GNS charts course beyond ECDIS compliance
Paul Stanley is a somewhat unconventional Chief Executive Officer, at least for one who leads a global distributor of navigation charts. Where one might expect him to be full of missionary zeal for the ECDIS mandate and ready to trade paper charts for digital, he is realistic on what shipping needs now and what it might want in the future.
It could be because Stanley is still only 100 days into the role at GNS – he quipped to the ShipServ Smart Procurement event that ‘nothing is my fault yet’. Or perhaps the industry is over the hump on ECDIS, given the extended timeline leading towards the crunch point in 2018.
He says much of the company’s activity is supporting shipping companies as they make the transition to digital charts and helping them ‘to see the opportunity beyond navigation’. He cheerfully admits that ‘paper charts will be around for a while’ and says a big part of what drives business is the high proportion of former mariners at GNS who know the process from the inside.
“People will still need paper as well as digital publications and we don’t expect the day to day business to change as much as might once have been envisaged. Our core business is global distribution and a 24×7 service, with the logistics that gets the products physically in right places delivered around our global network.”
Either way, the pie is growing. Of a SOLAS merchant fleet of around 55,000 vessels, some 35,000 are affected by ECDIS mandation. But add the offshore and leisure sectors and he says the numbers are much higher. “People are voluntarily coming to the technology because they can see the convenience and technology advantages. There’s a business case for doing this aside from complying with mandation.”
But he is unconvinced that mandation is by itself driving higher standards, given that the regulations only define a minimum level of compliance, resulting in a proliferation of interfaces and operating systems.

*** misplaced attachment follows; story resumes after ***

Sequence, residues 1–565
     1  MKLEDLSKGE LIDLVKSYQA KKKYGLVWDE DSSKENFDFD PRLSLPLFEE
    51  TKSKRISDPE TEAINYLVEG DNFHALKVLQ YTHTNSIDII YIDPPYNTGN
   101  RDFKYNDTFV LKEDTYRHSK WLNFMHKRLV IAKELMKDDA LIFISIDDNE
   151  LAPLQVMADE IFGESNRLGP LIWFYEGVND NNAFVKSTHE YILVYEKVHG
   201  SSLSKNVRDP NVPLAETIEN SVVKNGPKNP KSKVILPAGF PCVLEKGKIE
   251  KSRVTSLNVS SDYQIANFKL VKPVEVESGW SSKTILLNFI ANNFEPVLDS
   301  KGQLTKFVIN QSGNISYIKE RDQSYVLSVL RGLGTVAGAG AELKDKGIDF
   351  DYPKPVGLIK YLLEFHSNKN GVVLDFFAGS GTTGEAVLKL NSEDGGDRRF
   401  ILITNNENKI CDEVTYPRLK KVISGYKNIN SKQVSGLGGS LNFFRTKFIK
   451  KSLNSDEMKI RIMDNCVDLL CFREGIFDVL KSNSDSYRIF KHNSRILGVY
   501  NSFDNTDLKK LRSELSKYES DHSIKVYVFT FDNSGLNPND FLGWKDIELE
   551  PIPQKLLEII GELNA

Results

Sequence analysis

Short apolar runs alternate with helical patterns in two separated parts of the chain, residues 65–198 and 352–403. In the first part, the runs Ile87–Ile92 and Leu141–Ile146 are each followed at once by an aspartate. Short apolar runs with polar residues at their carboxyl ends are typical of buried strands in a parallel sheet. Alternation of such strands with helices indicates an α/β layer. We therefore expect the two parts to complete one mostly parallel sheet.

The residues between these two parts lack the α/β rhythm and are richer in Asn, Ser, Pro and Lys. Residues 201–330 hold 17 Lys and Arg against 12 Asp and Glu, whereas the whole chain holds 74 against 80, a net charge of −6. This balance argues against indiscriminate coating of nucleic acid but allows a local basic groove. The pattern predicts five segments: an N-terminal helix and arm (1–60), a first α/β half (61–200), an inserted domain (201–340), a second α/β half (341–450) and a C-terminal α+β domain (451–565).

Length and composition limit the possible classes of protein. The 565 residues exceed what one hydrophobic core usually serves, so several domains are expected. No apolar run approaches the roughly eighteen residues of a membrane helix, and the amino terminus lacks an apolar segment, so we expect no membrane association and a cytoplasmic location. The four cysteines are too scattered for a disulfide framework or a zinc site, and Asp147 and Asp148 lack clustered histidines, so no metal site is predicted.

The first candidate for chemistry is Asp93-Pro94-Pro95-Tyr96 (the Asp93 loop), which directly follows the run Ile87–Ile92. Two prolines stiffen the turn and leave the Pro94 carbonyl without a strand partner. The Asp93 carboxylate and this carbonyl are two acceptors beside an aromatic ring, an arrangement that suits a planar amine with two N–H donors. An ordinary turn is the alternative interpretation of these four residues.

Rather, he sees a need for the continuation of the collaboration in chart production that has begun in the last few years. “We can see from other industries that compliance drives innovation and the other key is participation and collaboration. But that shouldn’t be in trying to define technology standards, because you will only get to a minimum acceptable level.”
“Hydrographic Offices have had to collaborate to get more ENCs to market,” he explains. “A few years ago, the UKHO was responsible for 75% of chart production but that’s simply not the case anymore.”
While compliance and inventory management are important, the next phase for shipping he believes is to use the channels that digital navigation and broadband communications have opened up, to build a hub that can be used to move more data on and off the vessel.
“The future goes way beyond charts and navigation to create a shared view of what is taking place on a vessel. We can do much more than navigation, linking the front and back of bridge to ports and fleet managers, vendors and suppliers,” he says.
There is an obvious community of stakeholders interested in this data but Stanley sees another that puts GNS alongside the collectors and aggregators that are of such interest to owners, flags, class and regulators. Where a vessel has been and where it’s going is, he suggests, of interest to anyone studying the flow of goods and services. The ‘third leg’ is enhancing the technology capability to connect to a much broader ecosystem.
“The data business is not our core function but it makes sense if it allows others to consume relevant data. An industry-wide view on engine performance, aggregated for anonymity for example, or shipping companies that want to enter into benchmark studies are legitimate purposes for consuming that data.”
So has the business of selling ENCS become the low margin, low tech end of the business? Certainly not low tech he says, given the growth in value-added overlays, both for navigation and in related data such as weather and security information.
“The margin depends on how and where a customer buys from us. We have a Coca-Cola mentality: the same products and the same quality, whatever the location, with different delivery conditions.”